Canada to host Lima group Feb. 4 in effort to find solution to Venezuela crisis
'The Maduro regime relinquished any remaining legitimacy ..." says Freeland
Canada will host members of the Lima group of South and Central American countries next Monday in an effort to find a resolution to the turmoil in Venezuela, Foreign Affairs Minister Chrystia Freeland said today.
The move comes days after Canada recognized Juan Guaido, the Venezuelan opposition leader, as interim president of the country and rejected Nicolas Maduro's government as autocratic and illegitimate.
Guaido, the democratically elected leader of the opposition in Venezuela's National Assembly, declared himself interim president last week.
"Since August 2017, Canada has been working closely as a member of the Lima group, which is comprised of over a dozen Latin American countries and the Caribbean, to address the Venezuelan crisis," Freeland said.
"The Maduro regime relinquished any remaining legitimacy when it seized power through fraudulent and undemocratic elections on May 20, 2018. We now call upon Nicolas Maduro to cede power to the National Assembly, the only remaining democratically elected institution in Venezuela, in line with that country's constitution."
The Lima group was formed in the summer of 2017 and includes Argentina, Brazil, Canada, Chile, Colombia, Costa Rica, Guatemala, Honduras, Mexico, Panama, Paraguay, Peru, Guyana and Saint Lucia.
Canada has hosted the group for meetings before, including a ministerial level meeting in October of 2017.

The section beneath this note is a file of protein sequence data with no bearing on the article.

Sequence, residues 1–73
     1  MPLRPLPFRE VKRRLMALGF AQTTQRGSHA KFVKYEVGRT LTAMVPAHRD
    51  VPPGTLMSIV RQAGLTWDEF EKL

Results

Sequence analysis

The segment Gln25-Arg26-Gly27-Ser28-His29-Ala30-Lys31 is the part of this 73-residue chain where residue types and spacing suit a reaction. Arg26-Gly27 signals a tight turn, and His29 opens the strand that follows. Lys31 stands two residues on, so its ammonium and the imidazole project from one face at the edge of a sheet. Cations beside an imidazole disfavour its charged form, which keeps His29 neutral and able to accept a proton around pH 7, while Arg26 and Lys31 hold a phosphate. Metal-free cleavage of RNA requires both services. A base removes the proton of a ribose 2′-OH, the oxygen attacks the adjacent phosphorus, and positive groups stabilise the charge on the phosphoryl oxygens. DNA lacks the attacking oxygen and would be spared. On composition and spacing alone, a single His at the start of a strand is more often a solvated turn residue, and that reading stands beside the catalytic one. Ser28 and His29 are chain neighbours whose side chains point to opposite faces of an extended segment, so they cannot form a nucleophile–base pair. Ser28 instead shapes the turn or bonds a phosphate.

Freeland also said that Canada — along with Argentina, Chile, Colombia, Paraguay and Peru — referred the ongoing human rights abuses and squashing of dissent in Venezuela to the International Criminal Court prosecutor's office for investigation in September.
She also noted that the United Kingdom, France, Germany and Spain also stated over the weekend that they, too, recognize Guaido and would continue to do so unless free and democratic elections are held in the country by Saturday.
The move to recognize Guaido by these European powers followed similar recognition by Argentina, Brazil, Chile and Colombia last week.
Bolivia, Cuba, Turkey and Russia, among others, have not followed suit and continue to back Maduro as the rightful president, accusing the U.S. and others of interfering in Venezuela's internal affairs.
A major oil producer, Venezuela has been wracked by hyper-inflation, food shortages and intense crime since Maduro came to power in 2013. Maduro's government accuses the U.S. and others of launching an "economic war" against Venezuela, blaming it for most of the country's problems.
Maduro, who was first elected president in 2013 by a thin margin following the death of socialist leader Hugo Chavez, is deeply unpopular.
Maduro was inaugurated on Jan. 10 to another term in office following a widely boycotted election last year that many foreign governments described as a fraudulent. His government accuses Guaido of staging a coup and has threatened him with jail.
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